"I should have married Van Johnson," my mother said to me one night around midnight in September. She was eerily ghostlike in her nightgown, illuminated only by the blue light my laptop was throwing into the room. I was visiting from Los Angeles, where I live with my husband and two young boys. My mother's friend had called from New York City a few days before, and said, "Your mother doesn't remember how to fill out a bank deposit slip, and yesterday she fought with a waiter over mistakes on the check that weren't there and then she fell getting into the elevator. She is not doing well."
My older sister who lives in Boston went the next day. I flew out a day later. When my sister arrived, there were piles of bills everywhere, balls of dog hair on almost every surface, and, despite having been chubby all her life, my mother appeared to weigh about 90 pounds soaking wet. (And it was a miracle she wasn't soaking wet, given how often she forgets to turn off water faucets now.) We cleaned the place up, paid her bills and got her to a neurologist for the first of many assessments. Then my sister went home to her family and it was just mom and me for another 48 hours.
She made the Van Johnson comment while wandering around the apartment looking for an unidentifiable something.
"I'm pretty sure he was gay, Mom," I said, trying to stop short yet another conversation where she tells me what a disappointment my father was to her.
"Well, we didn't know that then," she said.
"Uh, huh," I said.
I say that to her a lot now, "Uh, huh." Or another favorite of mine — something that several of my friends who go to Al-Anon meetings have told me is, in fact, a whole sentence: "OK."
My mother was diagnosed with Alzheimer's during that trip. They performed a battery of tests to determine this, some that specifically evaluate a person's "executive functions." She failed miserably, which I couldn't help but find ironic since she had been an "executive" almost my entire life. Never a hugger, this is the woman who taught me how to dress for success and meet deadlines. How could this have happened?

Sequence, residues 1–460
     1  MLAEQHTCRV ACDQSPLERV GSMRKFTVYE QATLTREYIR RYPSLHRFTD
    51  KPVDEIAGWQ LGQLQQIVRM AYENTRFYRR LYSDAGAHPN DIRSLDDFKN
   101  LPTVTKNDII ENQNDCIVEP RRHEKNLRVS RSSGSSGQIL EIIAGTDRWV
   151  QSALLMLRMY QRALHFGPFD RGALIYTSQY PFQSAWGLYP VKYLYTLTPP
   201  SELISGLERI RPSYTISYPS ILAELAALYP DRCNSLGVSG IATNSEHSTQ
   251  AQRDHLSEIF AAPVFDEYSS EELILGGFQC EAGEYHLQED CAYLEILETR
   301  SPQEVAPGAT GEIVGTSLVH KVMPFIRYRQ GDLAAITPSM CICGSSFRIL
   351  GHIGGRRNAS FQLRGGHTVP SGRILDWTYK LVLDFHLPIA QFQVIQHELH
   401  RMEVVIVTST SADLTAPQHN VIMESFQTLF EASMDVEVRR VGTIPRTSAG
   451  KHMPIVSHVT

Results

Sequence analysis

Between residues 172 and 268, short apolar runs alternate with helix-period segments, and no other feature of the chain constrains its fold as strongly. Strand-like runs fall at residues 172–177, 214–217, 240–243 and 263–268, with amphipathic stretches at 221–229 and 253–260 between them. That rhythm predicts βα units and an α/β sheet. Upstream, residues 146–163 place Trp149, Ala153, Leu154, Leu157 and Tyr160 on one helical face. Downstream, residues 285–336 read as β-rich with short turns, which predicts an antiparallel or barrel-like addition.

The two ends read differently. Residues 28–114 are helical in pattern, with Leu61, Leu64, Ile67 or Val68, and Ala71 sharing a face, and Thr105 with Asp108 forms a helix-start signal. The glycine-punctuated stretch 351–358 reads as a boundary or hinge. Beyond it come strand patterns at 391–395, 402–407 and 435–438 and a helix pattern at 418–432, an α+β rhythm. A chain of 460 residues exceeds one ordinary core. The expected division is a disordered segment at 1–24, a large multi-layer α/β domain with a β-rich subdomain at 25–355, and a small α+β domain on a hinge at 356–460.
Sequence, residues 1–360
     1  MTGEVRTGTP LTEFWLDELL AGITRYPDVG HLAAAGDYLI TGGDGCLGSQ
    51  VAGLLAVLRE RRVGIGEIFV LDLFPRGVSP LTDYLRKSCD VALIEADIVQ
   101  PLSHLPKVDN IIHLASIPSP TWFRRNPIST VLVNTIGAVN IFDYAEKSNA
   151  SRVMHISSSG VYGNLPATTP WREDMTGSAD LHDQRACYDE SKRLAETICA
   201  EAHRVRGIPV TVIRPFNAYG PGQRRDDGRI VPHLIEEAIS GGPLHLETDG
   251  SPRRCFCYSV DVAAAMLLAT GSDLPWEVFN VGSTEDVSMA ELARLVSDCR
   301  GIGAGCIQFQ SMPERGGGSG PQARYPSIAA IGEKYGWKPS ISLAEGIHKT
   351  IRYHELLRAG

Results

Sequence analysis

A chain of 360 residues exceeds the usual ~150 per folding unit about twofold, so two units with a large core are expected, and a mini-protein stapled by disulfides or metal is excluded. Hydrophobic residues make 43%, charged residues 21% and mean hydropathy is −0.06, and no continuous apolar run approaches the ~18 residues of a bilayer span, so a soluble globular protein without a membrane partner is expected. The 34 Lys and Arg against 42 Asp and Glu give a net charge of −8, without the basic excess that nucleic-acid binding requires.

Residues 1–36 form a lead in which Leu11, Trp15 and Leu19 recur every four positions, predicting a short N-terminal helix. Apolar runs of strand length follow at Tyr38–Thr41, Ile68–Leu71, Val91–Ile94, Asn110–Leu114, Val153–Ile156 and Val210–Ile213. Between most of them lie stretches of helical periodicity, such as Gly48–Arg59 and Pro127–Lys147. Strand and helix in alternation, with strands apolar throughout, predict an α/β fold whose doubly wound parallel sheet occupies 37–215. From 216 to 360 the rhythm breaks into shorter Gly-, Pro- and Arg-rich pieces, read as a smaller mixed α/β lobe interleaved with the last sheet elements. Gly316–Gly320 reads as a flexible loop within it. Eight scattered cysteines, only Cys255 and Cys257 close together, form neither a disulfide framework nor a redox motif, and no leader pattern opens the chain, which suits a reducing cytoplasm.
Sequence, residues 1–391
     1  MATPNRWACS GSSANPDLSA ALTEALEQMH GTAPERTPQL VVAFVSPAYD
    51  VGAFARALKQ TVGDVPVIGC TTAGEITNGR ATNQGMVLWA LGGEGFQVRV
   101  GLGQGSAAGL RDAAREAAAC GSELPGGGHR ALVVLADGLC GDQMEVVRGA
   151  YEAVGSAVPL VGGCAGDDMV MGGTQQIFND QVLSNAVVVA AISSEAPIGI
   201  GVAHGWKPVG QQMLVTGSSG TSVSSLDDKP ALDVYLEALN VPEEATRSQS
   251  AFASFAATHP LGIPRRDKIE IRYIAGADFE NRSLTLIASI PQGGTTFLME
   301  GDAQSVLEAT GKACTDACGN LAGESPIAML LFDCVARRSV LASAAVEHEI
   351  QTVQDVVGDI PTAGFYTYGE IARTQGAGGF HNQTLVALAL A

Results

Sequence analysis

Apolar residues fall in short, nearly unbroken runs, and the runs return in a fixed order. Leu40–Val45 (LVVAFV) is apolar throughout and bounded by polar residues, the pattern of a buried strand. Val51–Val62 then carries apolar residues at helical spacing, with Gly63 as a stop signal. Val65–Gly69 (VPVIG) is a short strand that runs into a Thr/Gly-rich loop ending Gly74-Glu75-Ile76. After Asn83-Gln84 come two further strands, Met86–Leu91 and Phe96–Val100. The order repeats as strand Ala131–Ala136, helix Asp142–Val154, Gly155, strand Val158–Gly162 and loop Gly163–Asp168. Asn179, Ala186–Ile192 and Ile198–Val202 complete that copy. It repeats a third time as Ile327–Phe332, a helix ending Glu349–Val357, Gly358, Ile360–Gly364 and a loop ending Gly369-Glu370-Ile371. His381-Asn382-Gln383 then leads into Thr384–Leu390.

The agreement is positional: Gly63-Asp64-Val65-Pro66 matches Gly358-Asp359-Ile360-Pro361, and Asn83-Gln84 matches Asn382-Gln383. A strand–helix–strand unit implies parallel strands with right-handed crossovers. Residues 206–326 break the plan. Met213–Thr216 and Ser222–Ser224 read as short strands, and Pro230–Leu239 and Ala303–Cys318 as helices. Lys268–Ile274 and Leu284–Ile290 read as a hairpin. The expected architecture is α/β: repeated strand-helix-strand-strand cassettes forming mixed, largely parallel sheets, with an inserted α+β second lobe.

"What's 11 minus 3?" the doctor asked her at the first appointment.
"Seven," she said quickly, as if it were the obvious right answer. Of all the chaos I had witnessed in the previous 24 hours, this is the moment that caught my breath. In her healthiest days, you would never have been able to engage my mother in conversations about literature or history, or even have expected an informed talk about current politics, but, as a real estate broker for most of her professional life (which is to say my entire life after turning 9 years old, when I was given a key to the house to let myself in and out), my mother knew numbers. She giggled nervously sitting on the exam table and seeing her daughters' faces as we tried to quickly hide our distress.
"Six?" she tried again. And laughed again. She laughs a lot now. It drives me nuts. What the fuck is so funny? I think every time she does it. It's this crazy tick, like someone whose mouth involuntarily twitches, or an odd strain of Tourrette's. Except instead of blurting expletives, my mother laughs inappropriately. I don't actually ask her what is so funny; I try my best just to take a deep breath and be quiet. Sometimes I even say, "OK."
But one time, exhausted, I did snap, "Why are you laughing? It's so not funny!" I sounded like I was 15.
"I don't know," she said. "I don't know why I'm laughing. I guess it's better than crying." I felt like an asshole.
It is definitely better than crying for her. Raised by highly repressed Hungarian and German Jews, my mother was never encouraged to be expressive. Too déclassé. It's a terrible twist of fate having me for a daughter, a woman who currently cries at that commercial of the dad putting the little girl on the school bus for the first time. I probably cry once a day, just to blow off steam. Thank God, I laugh a lot, too. Loudly. I also love deeply, have easy access to rage and overthink menus. Too much daughter for her, is how I would describe our relationship, if I had to.
But back to her nervous laugh. If all I ever wanted was for my mother to accept me exactly as I was in whatever moment I was in, shouldn't I at least be an example of that to her? Shouldn't I practice the very unfunny acceptance that I am always longing for, even if it's with my mother? Better still because it's my mother, and she's ill now. I wonder, If not now, when? — surprisingly quoting Rabbi Hillel (about whom I know little else).
This trip was the beginning of what looks to be an awful journey for my mother and us. An illness that now clears a conversation faster than bringing up cancer, Alzheimer's is ranked higher than that cell-multiplying death sentence as the sickness people fear most in their future. And if the most grating symptom of it for now is my mother's stupid-ass giggling every time she forgets what day of the week it is, or where she put anything down, then so be it. Maybe that 1960s psychologist Fritz Perls had it right when he said, "Lose your mind and come to your senses." Maybe my mother is right. Maybe laughing is better than crying.